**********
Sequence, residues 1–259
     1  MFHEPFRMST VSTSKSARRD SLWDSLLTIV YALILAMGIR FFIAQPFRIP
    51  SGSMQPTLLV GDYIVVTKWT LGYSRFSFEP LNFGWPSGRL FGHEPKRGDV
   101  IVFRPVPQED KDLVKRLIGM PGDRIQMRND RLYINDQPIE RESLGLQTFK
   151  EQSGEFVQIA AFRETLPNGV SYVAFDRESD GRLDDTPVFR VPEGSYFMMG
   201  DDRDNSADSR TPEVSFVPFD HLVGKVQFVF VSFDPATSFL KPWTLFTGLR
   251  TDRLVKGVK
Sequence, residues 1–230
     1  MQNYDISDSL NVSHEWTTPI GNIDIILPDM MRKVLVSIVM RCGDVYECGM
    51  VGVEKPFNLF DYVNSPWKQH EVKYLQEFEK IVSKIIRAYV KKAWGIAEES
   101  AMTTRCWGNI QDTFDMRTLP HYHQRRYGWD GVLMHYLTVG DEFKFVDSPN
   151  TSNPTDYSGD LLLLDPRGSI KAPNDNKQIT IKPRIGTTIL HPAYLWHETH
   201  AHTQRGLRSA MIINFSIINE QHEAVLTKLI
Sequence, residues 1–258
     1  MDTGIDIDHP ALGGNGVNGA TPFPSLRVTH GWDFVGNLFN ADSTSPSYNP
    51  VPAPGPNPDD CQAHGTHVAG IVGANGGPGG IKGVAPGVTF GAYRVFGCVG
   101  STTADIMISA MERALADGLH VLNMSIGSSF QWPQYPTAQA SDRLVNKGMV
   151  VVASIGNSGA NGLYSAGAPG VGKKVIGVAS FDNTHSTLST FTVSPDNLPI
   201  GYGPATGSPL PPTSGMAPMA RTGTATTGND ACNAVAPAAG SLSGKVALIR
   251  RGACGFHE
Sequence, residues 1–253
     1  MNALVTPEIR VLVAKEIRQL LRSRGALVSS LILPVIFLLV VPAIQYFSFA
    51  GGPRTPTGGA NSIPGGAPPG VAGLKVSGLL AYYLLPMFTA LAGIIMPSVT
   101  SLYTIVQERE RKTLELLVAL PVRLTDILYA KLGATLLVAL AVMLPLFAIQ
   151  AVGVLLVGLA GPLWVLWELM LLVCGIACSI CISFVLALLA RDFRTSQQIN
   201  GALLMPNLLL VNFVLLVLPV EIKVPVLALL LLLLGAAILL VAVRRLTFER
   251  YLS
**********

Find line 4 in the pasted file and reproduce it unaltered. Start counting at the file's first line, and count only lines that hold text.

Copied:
   101  IVFRPVPQED KDLVKRLIGM PGDRIQMRND RLYINDQPIE RESLGLQTFK